Convenient outlets on SkyTrain cars and buses are not considered necessary most passenger trips are short – the typical passenger trip is about 17 minutes. The cost of putting in the wiring and outlets in an already crowded space would likely be significant. Furthermore, electronic devices plugged into power outlets are likely to be an obstacle for the smooth flow of the heavy traffic in and out of SkyTrain cars.

I would like to know if you [TransLink executives] regularly use public transit in the Metro Vancouver area? This will tell me if you are aware firsthand what issues us transit commuters are faced with. –Chris via email

All executives at TransLink do frequently use transit, particularly when traveling to meetings around the region.

Read more »

Poll: How can we best communicate with you in 2014?

Tell us how you want us to communicate with you.

Tell us how you want us to communicate with you

It’s a new year and time to start fresh. When I look ahead to what’s on TransLink’s to do list this year, saying it’s a busy year is an understatement.

For one thing, Compass Card integration to the entire system will be in full swing in 2014. If fundamentally changing how people use transit in Metro Vancouver wasn’t enough, we’re also continuing to upgrade our Expo Line stations, rolling out more service optimization to best use the resources we have and change some schedules during our four annual service changes. Those are just a few items that TransLink needs to tackle this year and communicate to you our customers.

In an effort to make sure we’re doing all we can to inform you the customer about the above items as well as service disruptions and other factors that affect the movement of people and goods in Metro Vancouver, we’d like to know how you would like TransLink to communicate with you so that you feel informed.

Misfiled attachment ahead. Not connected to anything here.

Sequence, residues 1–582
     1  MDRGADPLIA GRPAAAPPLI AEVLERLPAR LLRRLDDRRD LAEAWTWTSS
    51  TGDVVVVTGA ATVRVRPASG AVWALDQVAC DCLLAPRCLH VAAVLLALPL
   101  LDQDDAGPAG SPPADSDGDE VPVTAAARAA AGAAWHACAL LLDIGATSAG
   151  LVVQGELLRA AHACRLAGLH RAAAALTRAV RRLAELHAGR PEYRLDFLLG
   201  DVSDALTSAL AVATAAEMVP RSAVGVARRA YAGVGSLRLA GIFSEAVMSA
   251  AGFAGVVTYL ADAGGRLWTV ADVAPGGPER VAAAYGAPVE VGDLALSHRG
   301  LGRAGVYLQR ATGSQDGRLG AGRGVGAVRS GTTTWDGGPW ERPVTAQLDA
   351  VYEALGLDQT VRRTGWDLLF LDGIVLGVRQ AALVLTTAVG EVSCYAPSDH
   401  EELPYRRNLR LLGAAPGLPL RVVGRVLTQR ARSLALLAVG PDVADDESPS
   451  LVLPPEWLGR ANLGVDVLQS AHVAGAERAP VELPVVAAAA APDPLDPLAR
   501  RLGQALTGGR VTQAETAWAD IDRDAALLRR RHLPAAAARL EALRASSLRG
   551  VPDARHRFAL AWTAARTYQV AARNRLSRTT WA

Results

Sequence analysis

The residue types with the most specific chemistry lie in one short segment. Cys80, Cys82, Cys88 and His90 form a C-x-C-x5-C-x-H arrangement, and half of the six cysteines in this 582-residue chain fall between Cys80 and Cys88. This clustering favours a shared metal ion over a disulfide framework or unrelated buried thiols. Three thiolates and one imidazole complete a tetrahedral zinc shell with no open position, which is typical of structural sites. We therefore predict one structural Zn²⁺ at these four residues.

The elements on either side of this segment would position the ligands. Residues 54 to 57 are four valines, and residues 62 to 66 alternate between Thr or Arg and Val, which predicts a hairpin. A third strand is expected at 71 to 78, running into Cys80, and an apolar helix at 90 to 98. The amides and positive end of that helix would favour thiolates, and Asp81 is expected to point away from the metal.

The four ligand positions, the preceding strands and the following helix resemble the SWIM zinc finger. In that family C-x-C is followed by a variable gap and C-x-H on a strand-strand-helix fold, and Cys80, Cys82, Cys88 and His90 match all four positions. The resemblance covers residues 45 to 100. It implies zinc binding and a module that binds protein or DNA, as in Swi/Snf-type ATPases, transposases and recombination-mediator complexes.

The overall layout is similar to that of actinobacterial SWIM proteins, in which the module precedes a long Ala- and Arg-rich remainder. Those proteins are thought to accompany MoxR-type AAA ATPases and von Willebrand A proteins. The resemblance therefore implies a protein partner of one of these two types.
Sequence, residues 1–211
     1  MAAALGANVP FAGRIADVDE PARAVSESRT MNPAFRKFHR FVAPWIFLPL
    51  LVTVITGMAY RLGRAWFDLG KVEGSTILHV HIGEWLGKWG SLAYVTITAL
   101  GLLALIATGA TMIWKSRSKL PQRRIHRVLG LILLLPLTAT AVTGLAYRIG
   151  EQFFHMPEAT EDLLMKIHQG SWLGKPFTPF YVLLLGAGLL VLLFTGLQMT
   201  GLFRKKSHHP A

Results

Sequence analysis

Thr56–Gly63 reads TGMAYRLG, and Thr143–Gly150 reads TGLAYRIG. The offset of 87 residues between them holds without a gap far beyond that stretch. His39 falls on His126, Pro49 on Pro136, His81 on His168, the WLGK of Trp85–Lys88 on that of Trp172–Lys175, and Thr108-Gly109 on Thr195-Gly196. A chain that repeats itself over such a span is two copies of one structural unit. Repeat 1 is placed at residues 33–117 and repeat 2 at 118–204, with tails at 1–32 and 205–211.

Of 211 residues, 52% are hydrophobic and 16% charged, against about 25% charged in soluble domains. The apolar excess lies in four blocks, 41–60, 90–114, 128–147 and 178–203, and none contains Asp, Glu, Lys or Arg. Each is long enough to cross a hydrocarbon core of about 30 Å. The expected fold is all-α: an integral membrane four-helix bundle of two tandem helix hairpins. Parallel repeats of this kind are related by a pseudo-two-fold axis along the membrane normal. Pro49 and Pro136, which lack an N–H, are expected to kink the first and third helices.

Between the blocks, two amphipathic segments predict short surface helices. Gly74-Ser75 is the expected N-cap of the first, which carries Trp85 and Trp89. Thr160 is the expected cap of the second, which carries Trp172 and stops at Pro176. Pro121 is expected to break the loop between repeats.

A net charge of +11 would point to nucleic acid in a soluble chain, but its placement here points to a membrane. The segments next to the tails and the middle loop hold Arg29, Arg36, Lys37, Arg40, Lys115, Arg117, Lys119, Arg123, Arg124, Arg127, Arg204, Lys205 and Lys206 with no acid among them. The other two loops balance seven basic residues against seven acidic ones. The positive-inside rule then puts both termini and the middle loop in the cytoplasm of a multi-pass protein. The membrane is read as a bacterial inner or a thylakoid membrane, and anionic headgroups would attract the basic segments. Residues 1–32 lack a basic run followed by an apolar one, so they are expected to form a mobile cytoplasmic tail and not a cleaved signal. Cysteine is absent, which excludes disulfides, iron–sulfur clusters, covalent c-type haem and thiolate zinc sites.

There are 1.2 million transit trips on our system every day. We know you rely on our transit system to get to work, school, medical centers, friends and family. So, we want to make sure you have the information you need to get to where you need to go quickly, efficiently and safely.

Below is poll we’d love for you to take, share with your family, friends, colleagues and whomever else you think would benefit from hearing from us. We’ll use these poll results and any comments you leave to help us administer our communications resources more effectively.

When considering the options, think of your typical commuting day. Where are you and what are you doing if there is a service delay on a bus, SkyTrain or TransLink operated road or bridge? How do you usually find out about TransLink and the services we provide? We’re excited to read you answers!

How can we best communicate with you in 2014? (note: you can select up to three answers)

  • Through posts and tweets (34%, 100 Votes)
  • Posters, ads on the system (23%, 69 Votes)
  • In person help at stations and stops (21%, 62 Votes)
  • Through journalists and media reports (18%, 53 Votes)
  • Other (4%, 13 Votes)

Total Voters: 145

Some of the bigger projects in 2014 we want to communicate to our users

Some of the bigger projects in 2014 we want to communicate to our users

 

Custom transit, HandyDART, and the Taxi Pilot Project: what’s going on?

HandyDART vehicle

A HandyDART vehicle on the move.

One of the topics we haven’t often addressed on the blog is the custom transit part of our transit services – HandyDART. HandyDART is a door-to-door shared ride service for people with disabilities.

Just like the conventional transit system, demand is up for HandyDART. People who use conventional transit sometimes experience pass-ups, especially on our most heavily used routes. On HandyDART runs, we can record these as trip denials – a customer requests a trip and there isn’t one available for the time requested.

As demand goes up, so too have HandyDART trip denials, and this is a big concern for us. (It’s worth noting that we started to more accurately record denials data in 2010, which resulted in a marked uptick in the number of denials.) TransLink has been managing this by getting more efficient with operations, including HandyDART (service optimization, anyone?).

Today, HandyDART provides more trips to customers than five years ago – 1.21 million in 2012, compared with 1.17 million in 2008 – using approximately the same number of annual service hours.  3% of all trips were denied in 2012.

Read more »

September Service Changes – New 96 B-Line!

September Service Changes – New 96 B-Line!